- Sixty percent of the Cambodian population is under the age of 20.
- Cambodia is approximately 95% Buddhist.
- Angkor Wat is one of the 7 wonders of the world. The temples are made from carved stone and are around 1,000 years old. The word "magnificent" doesn't even begin to describe them.
- There are 3 - 6 million land mines still buried in Cambodia. An average of 2 to 3 people step on them each day and are killed or severely injured. It costs over $500 to locate and remove one land mine.
- The number of AIDS cases in Cambodia has reached epidemic levels and is the highest in Asia.
- 10,000 - 20,000 children live on the streets in Cambodia. 60% or more sniff glue which curbs their hunger (and causes brain damage).
- Cows in Cambodia are super-skinny and almost skeletal. They are used solely for bartering or pulling carts. Dairy and beef are not prevalent in the Cambodian diet.
- A favorite snack to go along with Angkor Beer is a big plate of fried, salted crickets or tarantulas.
- Wine as we know it is not consumed frequently in Cambodia. Instead, they prefer wine made from palm sugar (I tried it - it makes Gallo look like fine wine).
I will have a lot to say and a lot of pictures to post as soon as I recover from the 26-hours of travel. In the meantime though, let me introduce you to my favorite drink in Cambodia. That would be "Lime Juice." In the absence of decent wine, this became my beverage of choice and it isn't even alcoholic!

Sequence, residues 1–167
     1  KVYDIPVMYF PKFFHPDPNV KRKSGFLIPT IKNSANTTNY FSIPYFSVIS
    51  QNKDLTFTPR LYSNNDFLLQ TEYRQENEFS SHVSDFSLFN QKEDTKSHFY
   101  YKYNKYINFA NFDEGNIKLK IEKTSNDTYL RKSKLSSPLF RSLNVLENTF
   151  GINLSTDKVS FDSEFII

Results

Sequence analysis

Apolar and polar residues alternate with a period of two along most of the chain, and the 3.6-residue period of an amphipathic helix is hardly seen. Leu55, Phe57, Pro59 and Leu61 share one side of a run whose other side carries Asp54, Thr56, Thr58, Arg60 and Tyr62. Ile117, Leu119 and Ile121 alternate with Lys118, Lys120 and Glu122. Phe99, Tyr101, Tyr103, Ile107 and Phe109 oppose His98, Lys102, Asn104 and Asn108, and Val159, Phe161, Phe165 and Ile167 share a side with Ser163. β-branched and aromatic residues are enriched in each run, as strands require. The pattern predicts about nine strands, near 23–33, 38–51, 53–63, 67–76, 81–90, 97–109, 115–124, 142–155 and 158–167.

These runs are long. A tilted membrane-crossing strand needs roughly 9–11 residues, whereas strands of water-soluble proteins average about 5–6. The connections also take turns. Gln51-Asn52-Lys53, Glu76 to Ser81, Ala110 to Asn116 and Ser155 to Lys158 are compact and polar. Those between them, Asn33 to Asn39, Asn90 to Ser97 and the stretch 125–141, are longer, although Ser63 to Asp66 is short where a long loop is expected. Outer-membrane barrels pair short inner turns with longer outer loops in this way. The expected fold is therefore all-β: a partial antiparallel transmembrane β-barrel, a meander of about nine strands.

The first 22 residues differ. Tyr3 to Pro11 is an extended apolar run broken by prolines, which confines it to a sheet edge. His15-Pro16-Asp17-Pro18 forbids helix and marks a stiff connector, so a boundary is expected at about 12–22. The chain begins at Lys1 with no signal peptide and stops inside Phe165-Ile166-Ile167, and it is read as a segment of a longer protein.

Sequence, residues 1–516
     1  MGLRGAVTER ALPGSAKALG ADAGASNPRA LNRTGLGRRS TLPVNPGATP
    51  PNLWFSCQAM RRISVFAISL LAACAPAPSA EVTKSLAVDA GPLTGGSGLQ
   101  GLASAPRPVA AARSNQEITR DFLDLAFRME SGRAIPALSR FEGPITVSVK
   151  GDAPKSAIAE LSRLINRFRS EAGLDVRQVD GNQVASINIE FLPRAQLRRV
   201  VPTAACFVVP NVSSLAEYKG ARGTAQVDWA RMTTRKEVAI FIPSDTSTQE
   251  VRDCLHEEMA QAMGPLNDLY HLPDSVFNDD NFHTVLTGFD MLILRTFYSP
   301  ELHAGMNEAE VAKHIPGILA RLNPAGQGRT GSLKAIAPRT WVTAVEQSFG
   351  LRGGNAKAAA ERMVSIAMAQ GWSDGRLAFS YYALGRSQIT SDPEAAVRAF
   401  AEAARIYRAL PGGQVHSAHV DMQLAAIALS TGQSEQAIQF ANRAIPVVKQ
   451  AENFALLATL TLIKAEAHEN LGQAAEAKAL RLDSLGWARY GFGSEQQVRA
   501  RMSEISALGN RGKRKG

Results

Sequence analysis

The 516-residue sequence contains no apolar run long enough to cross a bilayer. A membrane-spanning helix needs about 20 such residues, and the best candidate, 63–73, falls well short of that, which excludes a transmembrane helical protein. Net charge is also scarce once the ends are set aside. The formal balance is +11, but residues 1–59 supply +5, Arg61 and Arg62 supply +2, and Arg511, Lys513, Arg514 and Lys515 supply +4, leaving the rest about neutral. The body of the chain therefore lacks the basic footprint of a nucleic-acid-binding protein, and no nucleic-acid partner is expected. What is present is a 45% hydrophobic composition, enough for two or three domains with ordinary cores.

For you jaded readers out there, I know this is basically what we know as limeade. But it is so much more exotic than that when you make it with sugar syrup and keep it on the tart side the way the Cambodians do!
For the syrup:
1/2 cup granulated sugar
1/2 cup water
Place sugar and water in a small saucepan over medium-high heat. Stir then bring to a boil. Let boil for 30 seconds then turn off heat. Let cool slightly, then chill in refrigerator until cold. Place in a small pitcher.
To assemble the drink:
3/4 cup freshly squeezed lime juice
Thin lime slices for garnish
Fill a tall glass with ice. Add lime juice. Place a straw and a long thin spoon in glass (in lieu of this, you can use an iced tea spoon if you have one). Serve with the pitcher of chilled syrup. Add syrup as desired to the lime juce and stir well. Garnish with lime slices.
Try to mend your evil western ways and add less syrup than you usually would. You don't want this to be overly sweet or it ceases to be refreshing.
And of course, this could always benefit from a splash or two of vodka. You could even serve it up with some fried crickets, in which case the vodka would be crucial.